::.. =[]= ..::     ::.. =[]= ..::     ::.. =[]= ..::     ::.. =[]= ..::

Spatial audio is the most exciting thing to happen to pop music since stereo

| November 12th, 2017 by r0gu3Sec | Comments Off on Spatial audio is the most exciting thing to happen to pop music since stereo

I wanted this beauty and well written article in my library.

A milestone footage of Music? 😉

Source “Dox” 😉

Sam Machkovech /
Tech Culture Editor



As much as I love overpriced gizmos in my living room, I still tend to be reluctant about new standards. TVs are a great example. I’ve appreciated the bonuses offered by 3D, 4K, and HDR, but I concede they all lack content and are less amazing than salespeople would lead you to believe. They’re also generally not worth replacing TVs that are only a few years old.

The same goes for audio, which fortunately hasn’t strayed far from a “5.1” surround-sound profile since the dawn of DVD adoption. Really, I’ve been fine with two good speakers and a subwoofer for my entire adult life. I laugh at overblown, pre-film Dolby intros in a theater. I shrug at the surround effects in hectic action movies. I have failed A/B tests in picking out major differences between 5.1 and 7.1 systems.

Surround audio can be cool, sure. But if I were to ever change up my entire living room, I’d need something to blow my aural expectations away. This week, that might have finally happened.

I am not lying when I say that a “spatial audio” experience this week left me gasping, laughing, and crying in sonic bewilderment. The impact came in a way that I never expected: not from a monstrous demo of sci-fi blasts in a film or video game, but from the acoustic majesty of an R.E.M. album brought to life anew. What’s more, the engineers behind this “first-ever” Atmos release were happy to share how they pulled it off—and how the Beatles’ Sgt. Pepper set everything into motion.

Sweetness follows

Roughly a month ago, the PR team working for the Athens, Georgia, pop/rock band R.E.M. sent me an out-of-nowhere invite to listen to the band’s latest 25th-anniversary re-release: the 1992 album Automatic For The People. R.E.M. began packaging and selling special editions of albums well before the band split in 2011. As a lifelong fan, I’ve picked up each one, full of unearthed B-sides and demos. I didn’t have much access to counterculture art as a kid, but I savored whatever mainstream gateway stuff I could get my hands on. R.E.M. showed up in my pre-teen life as a soft-and-weird complement to the loud-and-weird stuff I loved in metal and grunge. Automatic For The People was equal parts acoustic and electric, not to mention both wholesome and subversive, and that changed me as an 11-year-old.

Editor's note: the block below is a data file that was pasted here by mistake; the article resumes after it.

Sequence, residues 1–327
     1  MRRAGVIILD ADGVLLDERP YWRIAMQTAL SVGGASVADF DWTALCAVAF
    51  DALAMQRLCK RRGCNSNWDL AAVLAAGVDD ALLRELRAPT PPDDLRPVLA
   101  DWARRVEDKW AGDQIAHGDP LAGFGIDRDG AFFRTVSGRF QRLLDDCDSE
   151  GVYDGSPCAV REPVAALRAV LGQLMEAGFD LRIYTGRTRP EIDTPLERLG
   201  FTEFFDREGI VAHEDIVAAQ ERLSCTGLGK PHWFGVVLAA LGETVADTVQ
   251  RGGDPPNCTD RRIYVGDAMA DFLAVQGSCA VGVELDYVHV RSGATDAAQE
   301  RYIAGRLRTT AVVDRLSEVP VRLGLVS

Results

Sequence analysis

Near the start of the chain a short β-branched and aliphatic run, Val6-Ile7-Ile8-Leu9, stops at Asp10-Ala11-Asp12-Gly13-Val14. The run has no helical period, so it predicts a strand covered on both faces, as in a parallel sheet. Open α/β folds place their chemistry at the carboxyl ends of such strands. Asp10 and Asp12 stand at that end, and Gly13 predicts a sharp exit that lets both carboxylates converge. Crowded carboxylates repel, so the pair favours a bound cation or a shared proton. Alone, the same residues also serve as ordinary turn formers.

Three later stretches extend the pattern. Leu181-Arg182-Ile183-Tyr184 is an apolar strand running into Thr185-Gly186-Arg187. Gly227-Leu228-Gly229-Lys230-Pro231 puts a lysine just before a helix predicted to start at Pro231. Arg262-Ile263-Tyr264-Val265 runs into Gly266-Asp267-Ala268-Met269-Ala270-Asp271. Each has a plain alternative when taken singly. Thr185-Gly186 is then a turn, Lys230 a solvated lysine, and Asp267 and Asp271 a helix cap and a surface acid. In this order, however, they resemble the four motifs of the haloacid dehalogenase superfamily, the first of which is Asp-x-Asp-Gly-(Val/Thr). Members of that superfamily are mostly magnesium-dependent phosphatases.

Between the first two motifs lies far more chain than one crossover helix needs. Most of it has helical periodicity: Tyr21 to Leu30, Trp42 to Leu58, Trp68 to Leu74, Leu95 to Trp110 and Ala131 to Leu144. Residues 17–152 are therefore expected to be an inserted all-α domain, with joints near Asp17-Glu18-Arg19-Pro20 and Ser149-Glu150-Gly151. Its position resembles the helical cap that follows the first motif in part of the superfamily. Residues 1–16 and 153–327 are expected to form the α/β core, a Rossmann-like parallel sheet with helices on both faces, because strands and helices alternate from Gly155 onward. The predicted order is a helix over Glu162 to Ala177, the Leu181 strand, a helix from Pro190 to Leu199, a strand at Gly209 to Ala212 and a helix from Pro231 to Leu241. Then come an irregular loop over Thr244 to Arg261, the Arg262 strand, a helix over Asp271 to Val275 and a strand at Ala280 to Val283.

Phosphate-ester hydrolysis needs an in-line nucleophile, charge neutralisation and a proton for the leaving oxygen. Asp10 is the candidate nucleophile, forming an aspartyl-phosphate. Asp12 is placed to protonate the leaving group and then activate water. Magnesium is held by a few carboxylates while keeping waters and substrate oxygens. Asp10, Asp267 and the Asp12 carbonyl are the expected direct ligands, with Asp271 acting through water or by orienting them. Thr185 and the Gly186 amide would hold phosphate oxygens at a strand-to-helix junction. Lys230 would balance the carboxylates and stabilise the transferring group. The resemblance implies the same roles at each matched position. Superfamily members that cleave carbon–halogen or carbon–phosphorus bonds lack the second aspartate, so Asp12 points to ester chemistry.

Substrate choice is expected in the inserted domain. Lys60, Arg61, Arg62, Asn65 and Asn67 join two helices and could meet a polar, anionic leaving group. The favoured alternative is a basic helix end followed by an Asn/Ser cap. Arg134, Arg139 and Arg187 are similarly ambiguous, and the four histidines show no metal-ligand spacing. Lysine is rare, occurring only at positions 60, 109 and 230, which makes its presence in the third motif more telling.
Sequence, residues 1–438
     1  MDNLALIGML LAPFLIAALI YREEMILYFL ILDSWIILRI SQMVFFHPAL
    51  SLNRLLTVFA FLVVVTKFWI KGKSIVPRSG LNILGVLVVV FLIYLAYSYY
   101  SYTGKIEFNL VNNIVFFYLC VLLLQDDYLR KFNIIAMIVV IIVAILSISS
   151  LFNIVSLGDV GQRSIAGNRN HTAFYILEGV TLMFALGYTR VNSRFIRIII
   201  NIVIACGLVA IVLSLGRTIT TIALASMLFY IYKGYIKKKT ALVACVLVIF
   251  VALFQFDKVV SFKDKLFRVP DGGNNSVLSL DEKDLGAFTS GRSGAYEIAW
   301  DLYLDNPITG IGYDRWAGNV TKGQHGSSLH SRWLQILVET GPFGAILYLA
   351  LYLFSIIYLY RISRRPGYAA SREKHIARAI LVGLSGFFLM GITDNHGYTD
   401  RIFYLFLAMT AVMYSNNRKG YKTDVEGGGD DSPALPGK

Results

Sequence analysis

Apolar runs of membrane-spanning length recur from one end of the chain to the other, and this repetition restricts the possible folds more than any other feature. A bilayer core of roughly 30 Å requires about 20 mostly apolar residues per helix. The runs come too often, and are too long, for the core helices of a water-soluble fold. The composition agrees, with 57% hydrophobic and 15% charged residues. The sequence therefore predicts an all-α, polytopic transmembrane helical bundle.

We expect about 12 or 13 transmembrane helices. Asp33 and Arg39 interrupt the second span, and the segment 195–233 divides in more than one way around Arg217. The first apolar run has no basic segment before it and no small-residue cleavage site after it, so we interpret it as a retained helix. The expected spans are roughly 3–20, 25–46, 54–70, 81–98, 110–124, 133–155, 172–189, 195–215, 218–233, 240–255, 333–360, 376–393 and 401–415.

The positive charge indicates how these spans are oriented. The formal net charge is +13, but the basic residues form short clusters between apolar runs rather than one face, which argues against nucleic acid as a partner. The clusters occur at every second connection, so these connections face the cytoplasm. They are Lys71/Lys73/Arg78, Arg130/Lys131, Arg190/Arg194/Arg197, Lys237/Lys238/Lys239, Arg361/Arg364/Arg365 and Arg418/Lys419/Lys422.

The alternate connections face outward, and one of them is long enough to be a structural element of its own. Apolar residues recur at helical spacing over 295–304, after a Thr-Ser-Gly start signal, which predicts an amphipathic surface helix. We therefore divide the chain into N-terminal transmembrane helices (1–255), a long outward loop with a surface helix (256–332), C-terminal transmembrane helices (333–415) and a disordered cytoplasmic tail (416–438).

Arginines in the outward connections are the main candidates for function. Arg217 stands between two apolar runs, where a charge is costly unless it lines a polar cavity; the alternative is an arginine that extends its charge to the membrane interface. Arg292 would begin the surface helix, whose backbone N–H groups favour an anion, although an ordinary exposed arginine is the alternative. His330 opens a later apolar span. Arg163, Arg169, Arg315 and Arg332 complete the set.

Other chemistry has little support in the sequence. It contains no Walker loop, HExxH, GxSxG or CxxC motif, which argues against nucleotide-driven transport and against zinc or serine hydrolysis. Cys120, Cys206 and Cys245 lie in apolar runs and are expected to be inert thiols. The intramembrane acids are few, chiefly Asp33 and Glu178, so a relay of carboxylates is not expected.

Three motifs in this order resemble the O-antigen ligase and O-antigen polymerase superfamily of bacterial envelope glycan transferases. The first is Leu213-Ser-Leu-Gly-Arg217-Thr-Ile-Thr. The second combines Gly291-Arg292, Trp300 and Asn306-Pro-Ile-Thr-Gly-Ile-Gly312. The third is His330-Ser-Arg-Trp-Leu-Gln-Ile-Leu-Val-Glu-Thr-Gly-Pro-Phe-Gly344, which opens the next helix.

As much as I love Automatic, I had no Ars-specific reason to request a promotional copy. But my tech-critic attention was captured by one sentence: this would be the “first major commercial music release in Dolby Atmos.” From the announcement:


I’d normally dismiss such a buzzword-filled promise. Worse, its attachment to the Dolby Atmos standard left me a little cold. Atmos is one of the latest entries in the burgeoning “spatial audio” landscape, right next to DTS-X and Windows Sonic. The sales pitch: if you plug headphones into the right hardware and listen to compatible content, sounds will be processed in such a way that their frequencies trick your brain. Sound effects and music will light up “around” you in a virtual-surround way. Unlike older virtual-surround trickery, this stuff should sound like a full, three-dimensional dome of sound, so that you can perceive the angle and height of sound. (Normal surround-sound systems operate with a flatter circle of sound.)



You have just been leveled up 2 points and are awarded to read the rest of this milestone in music article at Arstechnica


Don`t drink and Drive… Smoke Weed and fly…

(Visited 138 times, 1 visits today)

Comments are closed.

Please note: Comment moderation is enabled and may delay your comment. There is no need to resubmit your comment.